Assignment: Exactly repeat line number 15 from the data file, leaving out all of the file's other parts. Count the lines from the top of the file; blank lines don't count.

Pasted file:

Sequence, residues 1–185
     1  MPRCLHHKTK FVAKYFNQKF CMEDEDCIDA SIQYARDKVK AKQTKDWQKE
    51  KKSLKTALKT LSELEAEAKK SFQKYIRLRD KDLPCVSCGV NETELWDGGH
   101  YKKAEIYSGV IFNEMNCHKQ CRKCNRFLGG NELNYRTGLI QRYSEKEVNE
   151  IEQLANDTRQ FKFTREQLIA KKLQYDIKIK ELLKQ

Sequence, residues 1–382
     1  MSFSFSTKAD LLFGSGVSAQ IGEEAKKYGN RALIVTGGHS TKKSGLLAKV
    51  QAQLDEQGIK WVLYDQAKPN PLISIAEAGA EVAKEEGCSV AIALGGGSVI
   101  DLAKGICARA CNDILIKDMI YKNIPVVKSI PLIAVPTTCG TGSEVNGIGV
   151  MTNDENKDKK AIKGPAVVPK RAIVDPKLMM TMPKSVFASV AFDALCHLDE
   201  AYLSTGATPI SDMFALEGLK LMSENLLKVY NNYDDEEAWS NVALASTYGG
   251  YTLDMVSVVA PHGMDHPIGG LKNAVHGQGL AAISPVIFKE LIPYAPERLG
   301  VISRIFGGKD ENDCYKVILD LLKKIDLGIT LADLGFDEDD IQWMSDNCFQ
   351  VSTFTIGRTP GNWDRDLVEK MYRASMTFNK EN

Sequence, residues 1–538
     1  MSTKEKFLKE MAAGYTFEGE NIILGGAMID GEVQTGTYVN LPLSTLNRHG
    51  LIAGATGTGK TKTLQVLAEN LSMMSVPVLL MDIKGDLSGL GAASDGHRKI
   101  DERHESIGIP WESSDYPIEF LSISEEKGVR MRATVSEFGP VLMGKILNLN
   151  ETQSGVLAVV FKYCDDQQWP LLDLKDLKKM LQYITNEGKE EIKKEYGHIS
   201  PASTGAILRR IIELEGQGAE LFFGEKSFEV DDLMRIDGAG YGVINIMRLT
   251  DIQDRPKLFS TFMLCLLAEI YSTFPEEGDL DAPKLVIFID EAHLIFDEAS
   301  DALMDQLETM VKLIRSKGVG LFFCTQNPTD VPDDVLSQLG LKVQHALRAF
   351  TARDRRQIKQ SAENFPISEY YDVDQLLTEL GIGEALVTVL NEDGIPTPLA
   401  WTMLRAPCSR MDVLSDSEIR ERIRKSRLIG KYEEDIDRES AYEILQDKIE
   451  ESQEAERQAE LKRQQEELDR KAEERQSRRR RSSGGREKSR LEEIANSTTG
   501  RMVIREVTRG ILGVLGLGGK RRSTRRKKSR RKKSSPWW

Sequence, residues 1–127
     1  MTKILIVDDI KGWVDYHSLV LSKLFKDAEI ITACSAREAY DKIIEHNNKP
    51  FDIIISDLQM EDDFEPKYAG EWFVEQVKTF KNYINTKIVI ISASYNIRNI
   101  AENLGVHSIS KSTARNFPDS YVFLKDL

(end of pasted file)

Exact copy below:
Sequence, residues 1–538